Course

19S1 D. Anselmi
Theories of gravitation

Program

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Book

D. Anselmi
From Physics To Life

A journey to the infinitesimally small and back

In English and Italian

Available on Amazon:
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IT: book | ebook  (in IT)




Recent Papers




Reviews and proceedings

proceedings of talks on renormalization, quantum field theory and related subjects

The correspondence principle made of unitarity, locality and renormalizability has been very successful in quantum field theory. Among the other things, it helped us build the standard model. However, it also showed important limitations. For example, it failed to restrict the gauge group and the matter sector in a powerful way. After discussing its effectiveness, we upgrade it to make room for quantum gravity. The unitarity assumption is better understood, since it allows for the presence of physical particles as well as fake particles (fakeons). The locality assumption is applied to an interim classical action, since the true classical action is nonlocal and emerges from the quantization and a later process of classicization. The renormalizability assumption is refined to single out the special role of the gauge couplings. We show that the upgraded principle leads to an essentially unique theory of quantum gravity. In particular, in four dimensions, a fakeon of spin 2, together with a scalar field, is able to make the theory renormalizable while preserving unitarity. We offer an overview of quantum field theories of particles and fakeons in various dimensions, with and without gravity.

Proceedings of the conference Progress and Visions in Quantum Theory in View of Gravity: Bridging foundations of physics and mathematics, Max Planck Institute for Mathematics in the Sciences, Leipzig, October 2018

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arXiv: 1911.10343 [hep-th]

OSF preprints | DOI: 10.31219/osf.io/kxj3r

Philpapers ANSFQG

Preprints 2019, 2019110321

We point out the idea that, at small scales, gravity can be described by the standard degrees of freedom of general relativity, plus a scalar particle and a degree of freedom of a new type: the fakeon. This possibility leads to fundamental implications in understanding gravitational force at quantum level as well as phenomenological consequences in the corresponding classical theory.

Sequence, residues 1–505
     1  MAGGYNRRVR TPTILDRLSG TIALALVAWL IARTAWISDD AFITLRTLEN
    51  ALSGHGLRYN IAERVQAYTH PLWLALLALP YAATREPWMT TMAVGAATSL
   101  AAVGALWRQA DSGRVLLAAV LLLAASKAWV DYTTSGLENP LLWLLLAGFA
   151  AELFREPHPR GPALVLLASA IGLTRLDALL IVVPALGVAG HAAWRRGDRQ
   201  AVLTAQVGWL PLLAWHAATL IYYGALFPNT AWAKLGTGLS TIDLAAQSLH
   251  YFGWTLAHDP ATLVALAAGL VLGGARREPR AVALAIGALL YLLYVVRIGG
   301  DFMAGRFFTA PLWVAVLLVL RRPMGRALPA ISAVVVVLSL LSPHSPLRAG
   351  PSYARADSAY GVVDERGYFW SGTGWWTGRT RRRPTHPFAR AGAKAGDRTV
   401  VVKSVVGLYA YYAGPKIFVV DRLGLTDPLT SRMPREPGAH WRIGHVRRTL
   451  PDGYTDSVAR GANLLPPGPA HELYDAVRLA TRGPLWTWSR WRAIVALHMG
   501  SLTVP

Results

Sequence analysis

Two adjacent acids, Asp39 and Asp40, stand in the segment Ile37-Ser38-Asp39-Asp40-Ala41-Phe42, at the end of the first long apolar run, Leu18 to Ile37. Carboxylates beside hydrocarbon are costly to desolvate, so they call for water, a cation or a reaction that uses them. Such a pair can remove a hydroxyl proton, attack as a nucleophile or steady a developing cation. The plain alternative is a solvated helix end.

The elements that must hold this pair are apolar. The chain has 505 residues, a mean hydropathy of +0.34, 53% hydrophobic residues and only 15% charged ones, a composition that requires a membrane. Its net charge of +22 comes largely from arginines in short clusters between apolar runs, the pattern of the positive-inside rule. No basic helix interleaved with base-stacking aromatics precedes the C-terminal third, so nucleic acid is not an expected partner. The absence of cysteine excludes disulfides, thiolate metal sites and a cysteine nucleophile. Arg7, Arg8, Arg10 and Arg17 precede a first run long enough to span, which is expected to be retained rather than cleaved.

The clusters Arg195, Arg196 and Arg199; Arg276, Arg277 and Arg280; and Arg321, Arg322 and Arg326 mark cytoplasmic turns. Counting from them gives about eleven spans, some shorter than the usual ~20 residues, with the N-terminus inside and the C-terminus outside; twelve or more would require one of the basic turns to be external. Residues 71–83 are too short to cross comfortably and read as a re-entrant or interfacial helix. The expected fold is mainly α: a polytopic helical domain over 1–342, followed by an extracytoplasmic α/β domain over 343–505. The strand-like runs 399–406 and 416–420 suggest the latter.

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Int. J. Mod. Phys. D 28 (2019) 1944007 | DOI: 10.1142/S0218271819440073

arXiv: 1905.06516 [hep-th]

The properties of quantum gravity are reviewed from the point of view of renormalization. Various attempts to overcome the problem of nonrenormalizability are presented, and the reasons why most of them fail for quantum gravity are discussed. Interesting possibilities come from relaxing the locality assumption, which can inspire the investigation of a largely unexplored sector of quantum field theory. Another possibility is to work with infinitely many independent couplings, and search for physical quantities that only depend on a finite subset of them. In this spirit, it is useful to organize the classical action of quantum gravity, determined by renormalization, in a convenient way. Taking advantage of perturbative local field redefinitions, we write the action as the sum of the Hilbert term, the cosmological term, a peculiar scalar that is important only in higher dimensions, plus invariants constructed with at least three Weyl tensors. We show that the FRLW configurations, and many other locally conformally flat metrics, are exact solutions of the field equations in arbitrary dimensions $d>3$. If the metric is expanded around such configurations the quadratic part of the action is free of higher-time derivatives. Other well-known metrics, such as those of black holes, are instead affected in nontrivial ways by the classical corrections of quantum origin.

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Mod. Phys. Lett. A 30 (2015) 1540004 | DOI: 10.1142/S0217732315400040

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Book

14B1 D. Anselmi
Renormalization

Course on renormalization, taught in Pisa in 2015. (More chapters will be added later.)

Last update: May 9th 2015, 230 pages

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Contents:
Preface
1. Functional integral
2. Renormalization
3. Renormalization group
4. Gauge symmetry
5. Canonical formalism
6. Quantum electrodynamics
7. Non-Abelian gauge field theories
Notation and useful formulas
References


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